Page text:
GSA looks to scale Login.gov with TMF award
- By Chris Riotta
- Oct 15, 2021
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The Technology Modernization Fund Board announced seven new awards last month, featuring its largest investment in a single project yet – one that may be the federal government's best shot at improving America's digital identity infrastructure.
On Sept. 30, the TMF Board announced $311 million in new awards focusing on zero trust cybersecurity projects and cross-government technology programs. Nearly $187 million of that was awarded to the General Service Administration's single sign-on shared service, Login.gov.
The cross-government identity management solution is used by 27 agencies for more than 200 citizen services, and currently has over 30 million users. However, major public-facing government programs have not implemented Login.gov.
A GSA spokesperson told FCW the agency plans to scale the Login.gov service with a focus on reducing barriers for adoption via partnerships, infrastructure and methodologies for high-impact services providers to attract larger agencies with high-profile public facing missions, like the IRS and Social Security Administration.
"Crises like the COVID-19 pandemic make it more urgent than ever for the public to gain fast and easy access to their benefits and services," the GSA spokesperson said. "The investment from the TMF will increase Login.gov's ability to continue to address the equitable identity verification technology solutions and in-person verification options for the public, while optimizing and accelerating agency onboarding and adoption."
The TMF award is designed to allow the program to perform operational enhancements around cybersecurity and fraud detection and prevention. The agency said it planned to continue scaling up the Login.gov service and its management office, including creating expanded customer support and partner-facing tools to make it easier for large-volume agencies to adopt the program.
Jeremy Grant, managing director of technology business strategy at Venable LLP and the former senior executive advisor for identity management at the National Institute of Standards and Technology (NIST), said the record-breaking award was "a sign that the government has finally realized that it will take serious investment to address deficiencies in digital identity infrastructure at scale."
An early draft of the Senate version of the $1.2 trillion bipartisan infrastructure bill included $500 billion for a digital identity program based at the Department of Labor to supply states with identity proofing tools to improve access to unemployment insurance programs while reducing fraud. That measure did not make its way into the bill that passed in the Senate.
Rep. Bill Foster (D-Ill.) introduced a sweeping digital ID bill earlier this year called the Improving Digital Identity Act of 2021. The bill seeks to establish a task force dedicated to developing new ways for government agencies to validate citizen IDs, while calling on NIST to create guidance and standards for agencies that issue digital identifications.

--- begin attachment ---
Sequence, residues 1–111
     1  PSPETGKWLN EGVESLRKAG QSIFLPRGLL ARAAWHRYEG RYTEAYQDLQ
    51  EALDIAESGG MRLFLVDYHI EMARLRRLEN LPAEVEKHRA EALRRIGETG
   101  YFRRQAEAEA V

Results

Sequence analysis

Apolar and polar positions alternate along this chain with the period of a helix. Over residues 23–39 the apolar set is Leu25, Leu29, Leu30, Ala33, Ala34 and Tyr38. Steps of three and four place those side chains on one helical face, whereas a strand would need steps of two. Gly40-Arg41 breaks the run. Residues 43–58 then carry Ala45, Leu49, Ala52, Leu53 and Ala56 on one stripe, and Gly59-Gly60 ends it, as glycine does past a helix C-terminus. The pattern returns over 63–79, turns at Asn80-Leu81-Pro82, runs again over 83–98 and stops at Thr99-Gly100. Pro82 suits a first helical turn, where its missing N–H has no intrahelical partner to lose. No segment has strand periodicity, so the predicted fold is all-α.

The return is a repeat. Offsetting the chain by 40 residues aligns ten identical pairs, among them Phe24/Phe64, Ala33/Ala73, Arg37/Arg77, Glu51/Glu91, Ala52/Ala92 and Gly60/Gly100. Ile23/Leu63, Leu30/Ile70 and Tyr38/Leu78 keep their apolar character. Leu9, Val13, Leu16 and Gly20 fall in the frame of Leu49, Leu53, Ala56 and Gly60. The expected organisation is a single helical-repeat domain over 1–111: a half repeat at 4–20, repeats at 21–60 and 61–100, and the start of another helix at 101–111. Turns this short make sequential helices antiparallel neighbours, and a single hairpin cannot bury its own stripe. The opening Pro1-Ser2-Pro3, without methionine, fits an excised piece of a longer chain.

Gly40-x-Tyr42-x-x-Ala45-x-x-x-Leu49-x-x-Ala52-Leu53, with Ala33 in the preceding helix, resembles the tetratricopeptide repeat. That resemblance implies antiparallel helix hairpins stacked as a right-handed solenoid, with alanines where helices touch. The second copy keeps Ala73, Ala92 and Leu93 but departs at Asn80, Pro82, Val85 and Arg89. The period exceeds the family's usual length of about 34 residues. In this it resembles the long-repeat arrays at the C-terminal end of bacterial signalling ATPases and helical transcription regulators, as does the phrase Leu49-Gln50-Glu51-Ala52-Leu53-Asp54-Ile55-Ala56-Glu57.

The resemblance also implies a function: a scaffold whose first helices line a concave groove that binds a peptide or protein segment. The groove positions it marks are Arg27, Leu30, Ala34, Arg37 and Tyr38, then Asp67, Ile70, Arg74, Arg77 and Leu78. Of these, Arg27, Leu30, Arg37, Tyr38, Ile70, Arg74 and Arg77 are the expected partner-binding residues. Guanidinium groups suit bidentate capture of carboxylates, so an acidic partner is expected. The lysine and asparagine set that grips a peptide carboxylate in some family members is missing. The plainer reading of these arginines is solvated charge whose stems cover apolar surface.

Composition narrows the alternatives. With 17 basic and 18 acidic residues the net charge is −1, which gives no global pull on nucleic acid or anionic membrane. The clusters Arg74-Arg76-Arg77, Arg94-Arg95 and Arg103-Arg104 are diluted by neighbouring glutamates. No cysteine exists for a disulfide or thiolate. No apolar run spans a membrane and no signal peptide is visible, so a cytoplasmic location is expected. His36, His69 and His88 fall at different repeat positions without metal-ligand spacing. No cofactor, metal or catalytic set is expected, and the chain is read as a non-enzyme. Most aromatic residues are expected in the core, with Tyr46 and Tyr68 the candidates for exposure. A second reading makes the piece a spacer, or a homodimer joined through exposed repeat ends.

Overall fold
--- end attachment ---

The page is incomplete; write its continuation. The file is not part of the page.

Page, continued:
"It's great to see the government finally taking identity seriously from a budget perspective," Grant told FCW. "Hopefully the administration views this new TMF award as a down payment on efforts to solve digital identity issues more holistically – and develops a plan to build off this initial investment to address broader identity challenges beyond government services."
Currently, Login.gov does little at the moment to address fundamental issues around digital identification, including what analysts call the "identity gap," in which the digital world lacks a counterpart to the physical credentials issued by government agencies.
"You can't truly solve digital identity verification challenges for government programs without addressing broader deficiencies," Grant noted. "GSA has been doing some great work adjacent to Login.gov to close the identity gap by creating a toolkit any agency could use to offer identity attribute validation services – looking to leverage the government's unique role as the only authoritative issuer of identity credentials."
"Supercharging that effort should be at the top of the priority list," he added.
The program also lacks equitable identity verification tools and resources, including in-person verification methods to assist vulnerable populations. GSA said it plans to begin addressing those issues with the initial funding it receives from the TMF award.
A GSA spokesperson said the agency recognizes "the need for alternatives for remote identity verification" to make the program equitable to the entire public, and said the agency was "actively pursuing multiple avenues for in-person identity verification alternatives to the fully online experience provided today, including looking to the latest technology from the private sector."
By improving access to Login.gov through investments in more equitable identity verification methods, the agency said it will "streamline" its ability to deliver aid to the most vulnerable communities across the country.
The TMF award will initially disburse $27 million to the Login.gov program, with additional funding becoming available when benchmarks have been reached.
Chris Riotta is a staff writer at FCW covering government procurement and technology policy. Chris joined FCW after covering U.S. politics for three years at The Independent. He earned his master's degree from the Columbia University Graduate School of Journalism, where he served as 2021 class president.